If you love what you’re doing, don’t stop and don’t change for other people. Writing and publishing is an intimidating task. There’s a lot of self-doubt involved and even more criticism coming from all directions. Personally, I had a lot of questions: What if it doesn’t work? What if no one wants to read my writing? Am I good enough? Is it worth the risk? Should I wait? How do I even begin publishing?
It can be overwhelming, but from what I’ve learned, take it step by step and keep climbing to that goal. I waited quite a while before having the confidence to publish. I thought I was too young, too inexperienced, and just not good enough. But we all start somewhere. So I said to myself: why can’t I start now—why not today? To the new writers, just start and keep writing. It doesn’t matter if you’re not perfect, no author is. It’s just a matter of how much effort you put into creating something you’re proud of. Success isn’t about how many copies you sold or how many people read what you wrote (although it’s safe to say we all like it much better when people DO read our stories). At the end of the day, you’re writing for yourself, for your enjoyment and your entertainment. Sharing it with the world is just a bonus.
To keep your self-esteem high, you need to redefine what success means to you. Measure it based on the pride you have in your finished product, not on the numbers of copies sold.
What is the easiest part of the writing process for you?
The easiest part for me is what a lot of authors find the most challenging: world building. I love using inspiration from other novels and even old folklore or mythologies to help manufacture the framework of my developing fantasy world. And, most of all, I love that I can set the terms of this new realm to whatever I desire. As the author, I can decide what’s normal and what isn’t—from societal prejudices to cities built in towering mountains to the practice of magic. That’s why fantasy as a genre is so enjoyable for me. My characters are actors on this stage I’ve created for them and it’s just so satisfying to see it all play out before me. And, when they’re finished, who’s to say I can’t use that stage again? A well-built fantasy world has enough versatility to host more than just one epic adventure!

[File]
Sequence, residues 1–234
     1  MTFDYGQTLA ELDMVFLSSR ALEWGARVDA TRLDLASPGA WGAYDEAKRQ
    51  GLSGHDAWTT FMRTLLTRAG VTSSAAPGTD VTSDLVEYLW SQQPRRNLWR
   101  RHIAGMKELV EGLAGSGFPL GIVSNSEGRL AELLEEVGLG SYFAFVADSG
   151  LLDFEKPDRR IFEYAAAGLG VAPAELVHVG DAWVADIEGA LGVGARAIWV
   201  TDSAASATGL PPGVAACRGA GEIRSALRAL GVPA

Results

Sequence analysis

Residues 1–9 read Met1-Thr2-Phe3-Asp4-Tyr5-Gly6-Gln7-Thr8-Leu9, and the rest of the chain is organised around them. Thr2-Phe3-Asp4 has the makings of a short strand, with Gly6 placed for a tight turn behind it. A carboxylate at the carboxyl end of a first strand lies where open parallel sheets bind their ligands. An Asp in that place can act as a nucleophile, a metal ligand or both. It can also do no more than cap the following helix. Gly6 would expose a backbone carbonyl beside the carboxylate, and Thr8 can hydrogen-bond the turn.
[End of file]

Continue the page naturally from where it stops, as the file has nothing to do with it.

What is your favorite part of this story?
If you hate spoilers, I suggest stop reading the answer to this question because my favourite part is at the story’s climax. Elias spent the better part of his life being played by people in power. He was pumped with false truths and became the victim in a scheme far larger than he had ever imagined. At the end, even though he already had a sickening idea of who killed his mother and why, when his theory was confirmed true, he snapped. It was never just about his mother’s death. He snapped because he was fed up with it all. Those years of physical and emotional torture were cracking his soul, and in that final moment, it broke. So, in a fit of divine rage, he struck the very pride of his homeland and brought down the wall that divided the city from the rest of the world. It’s my favourite part because it’s both a turning point for Elias’ character and also a symbolic blow to the entire kingdom. It signaled both destruction and renewal. More importantly, it can be considered a hyperbole for what’s to come if corrupted authorities continue to reign unchecked. I felt it was a great and justifiably appropriate reaction by someone who was born with near bottomless magic.
Which Character was the most fun to write about? Why?
Throughout Frostborn, the perspectives tend to alternate between Elias and Katerina. I developed Katerina as a foil to Elias and the result was more than I expected. She was a fantastic addition to the plot and provided a fresh take on the existing political system in Eljud. Katerina’s character was someone readers can get behind, someone who, unlike Elias, was determined and had the willpower to make decisions for herself. Like mentioned in the story, she was the scalding flame to his frostbitten cold. I really enjoyed switching up Elias’ rather gloomy take on the world with Katerina’s fiery passion. (Spoiler alert!!!) Although not the biggest twist of the novel, later in the narrative it’s revealed that they are in fact fraternal twins and I think that’s an interesting detail to take into account because they couldn’t be any different from one another. Even though Katerina isn’t blessed by Aether the way the Frostborn is, for some reason she holds herself to a higher standard regardless. It goes to show how impactful the environment of one’s upbringing can be. Overall, I’d say she was one of my favourite characters and one of the easiest to write about. Her blatant sarcasm and hilarious personality quirks made her all the more relatable too.
Which Character was the hardest to write about? Why?
My main character, Elias, was perhaps the most challenging to write. He was one of the most complicated characters to understand and even appreciate. he had a lot of faces to wear as opposing sides in the narrative struggled to secure his loyalty. He had to be brave, he had to submit, he had to play the slave, he had to hide his power, he had to be a spy, he had to be a monster, and, most importantly, he had to know the truth. Trying to tie all these roles together to a logical reasoning was indeed difficult. At times, his actions seemed uncharacteristic, but it was all intentionally carried out, it just took some time to properly illustrate my intentions. I wanted readers to realize and feel all that conflict inside him. For years, my main character had to play the puppet for multiple puppet masters. Very rarely was he allowed to become what he was born to be. At some points throughout their journey, Elias showed glimpses of his true character, but only at the end was he decisive enough to abandon that disingenuousness charade.
CONNECT WITH MICHAEL HADDAD
Michael Haddad will be awarding a $15 Amazon or Barnes and Noble GC to a randomly drawn winner via rafflecopter during the tour.